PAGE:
Berkshire Innovation Center shaping up for completion in October — or sooner

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PITTSFIELD — The pieces that make up the puzzle that has been the Berkshire Innovation Center are beginning to "take shape," with the facility on track for a fall opening. And with the construction running on schedule, officials are looking ahead to the next steps: attracting tenants to the building and surrounding William Stanley Business Park.

"We're looking at a mid-October time frame, but good weather could accelerate that," said BIC Executive Director Scott Longley at Wednesday's meeting of the Pittsfield Economic Development Authority board. "Progress has begun to really pick up."

Construction began in September on the $13.8 million center, which will include training facilities, biotech wet space, clean rooms and office and event space for small to medium-sized companies in the Berkshires. Its construction is considered to be a key part of the development of the mostly vacant 52-acre business park, which once was home to General Electric Co.

At a ceremony marking the end of the first phase of the BIC's construction in January, construction was about 50 percent complete and local officials said the two-story, 20,000-square-foot structure would probably open in mid- to late October.

In a briefing to PEDA board members, Longley said the BIC "really began to take shape" in February as both flooring and decking were added. A symbolic topping off ceremony was held in January to commemorate the completion of the building's exterior skeleton.

In March, the structure was covered in plastic so that flooring could be installed inside the building and framing could be done on the outside, Longley said.

"We are truly within weeks of framing the interior walls," he said.

On April 22, BIC officials are scheduled to meet in Pittsfield with Ira Moskowitz, the director of the Massachusetts Technology Collaborative's advanced manufacturing program.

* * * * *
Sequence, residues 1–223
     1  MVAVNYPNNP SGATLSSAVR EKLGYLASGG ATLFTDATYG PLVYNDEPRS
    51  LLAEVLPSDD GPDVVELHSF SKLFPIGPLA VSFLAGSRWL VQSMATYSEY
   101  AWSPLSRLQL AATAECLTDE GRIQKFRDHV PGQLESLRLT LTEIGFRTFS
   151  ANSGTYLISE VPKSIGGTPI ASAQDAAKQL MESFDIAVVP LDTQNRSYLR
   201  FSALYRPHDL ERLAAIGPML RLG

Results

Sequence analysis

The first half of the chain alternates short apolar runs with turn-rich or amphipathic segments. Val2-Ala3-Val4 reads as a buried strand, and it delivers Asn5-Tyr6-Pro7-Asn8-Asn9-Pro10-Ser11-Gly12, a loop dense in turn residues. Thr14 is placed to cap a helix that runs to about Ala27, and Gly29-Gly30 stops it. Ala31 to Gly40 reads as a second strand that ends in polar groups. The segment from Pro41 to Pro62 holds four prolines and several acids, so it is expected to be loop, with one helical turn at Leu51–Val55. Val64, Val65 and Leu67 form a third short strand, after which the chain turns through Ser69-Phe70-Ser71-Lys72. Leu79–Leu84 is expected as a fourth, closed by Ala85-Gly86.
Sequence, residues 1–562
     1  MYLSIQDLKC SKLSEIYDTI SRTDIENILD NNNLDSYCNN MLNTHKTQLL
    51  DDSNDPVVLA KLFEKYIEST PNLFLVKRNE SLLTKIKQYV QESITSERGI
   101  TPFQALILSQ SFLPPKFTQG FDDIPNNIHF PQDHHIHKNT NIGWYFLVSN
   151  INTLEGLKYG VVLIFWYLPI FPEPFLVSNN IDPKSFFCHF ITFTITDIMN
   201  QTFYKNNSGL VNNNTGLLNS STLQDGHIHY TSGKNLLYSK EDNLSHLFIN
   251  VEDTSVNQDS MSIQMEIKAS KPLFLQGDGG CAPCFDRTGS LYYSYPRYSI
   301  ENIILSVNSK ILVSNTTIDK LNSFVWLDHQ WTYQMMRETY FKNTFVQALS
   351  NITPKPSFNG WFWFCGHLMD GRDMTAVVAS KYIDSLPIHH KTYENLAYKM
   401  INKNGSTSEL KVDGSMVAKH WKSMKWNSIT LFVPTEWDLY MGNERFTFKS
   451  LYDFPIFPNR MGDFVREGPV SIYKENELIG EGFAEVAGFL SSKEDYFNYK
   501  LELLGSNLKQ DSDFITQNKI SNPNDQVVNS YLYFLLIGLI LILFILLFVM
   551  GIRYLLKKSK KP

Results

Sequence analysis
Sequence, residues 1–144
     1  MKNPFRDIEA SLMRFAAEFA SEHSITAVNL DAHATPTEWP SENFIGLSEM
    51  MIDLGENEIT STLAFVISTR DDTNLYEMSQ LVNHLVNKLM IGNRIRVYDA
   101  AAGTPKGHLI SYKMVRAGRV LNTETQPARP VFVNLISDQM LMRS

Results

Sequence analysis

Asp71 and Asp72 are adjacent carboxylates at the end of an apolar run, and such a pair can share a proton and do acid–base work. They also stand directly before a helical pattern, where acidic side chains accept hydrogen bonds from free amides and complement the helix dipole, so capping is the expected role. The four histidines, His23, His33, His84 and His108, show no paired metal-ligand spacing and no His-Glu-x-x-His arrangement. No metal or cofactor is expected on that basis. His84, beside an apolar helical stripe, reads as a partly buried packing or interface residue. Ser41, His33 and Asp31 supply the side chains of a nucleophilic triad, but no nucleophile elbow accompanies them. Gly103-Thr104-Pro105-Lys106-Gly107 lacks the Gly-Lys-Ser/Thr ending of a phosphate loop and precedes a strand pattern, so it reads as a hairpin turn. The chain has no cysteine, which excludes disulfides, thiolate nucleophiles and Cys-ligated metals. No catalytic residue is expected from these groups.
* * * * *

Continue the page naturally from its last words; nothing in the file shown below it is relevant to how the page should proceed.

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"The goal of Ira's visit is to talk about what funds are available for local companies," Longley said.

BIC officials have also begun discussions with a Washington-based nonprofit associated with the pharmaceutical and biopharmaceutical industries that is interested in providing training in advanced manufacturing at the workforce development center, he said.

Also Wednesday, Michael Coakley, Pittsfield's business development manager, said three projects are "currently circling" the business park right now. The PEDA board went into executive session to discuss a prospective tenant's ground lease, but no votes were cast.

Coakley said the costs that companies need to assume when locating to the business park have hampered development.

"With one company that we talked about, once [the proposal] got up to the corporate level they realized what the costs would be and went quiet," he said.

Wayfair, which is planning to open a call center in Pittsfield this fall that is expected to bring 300 jobs to the Berkshires, considered relocating to the Stanley Business Park before choosing Pittsfield's Clock Tower Business Center for the site, Coakley said.

He said officials showed Wayfair "five or six" possible locations for its call center and that the decision came down to either the Clock Tower or the business park.

"It was very close," he said.

Wayfair is expected to make between $1 million and $2 million in improvements to the Clock Tower complex, Coakley said.


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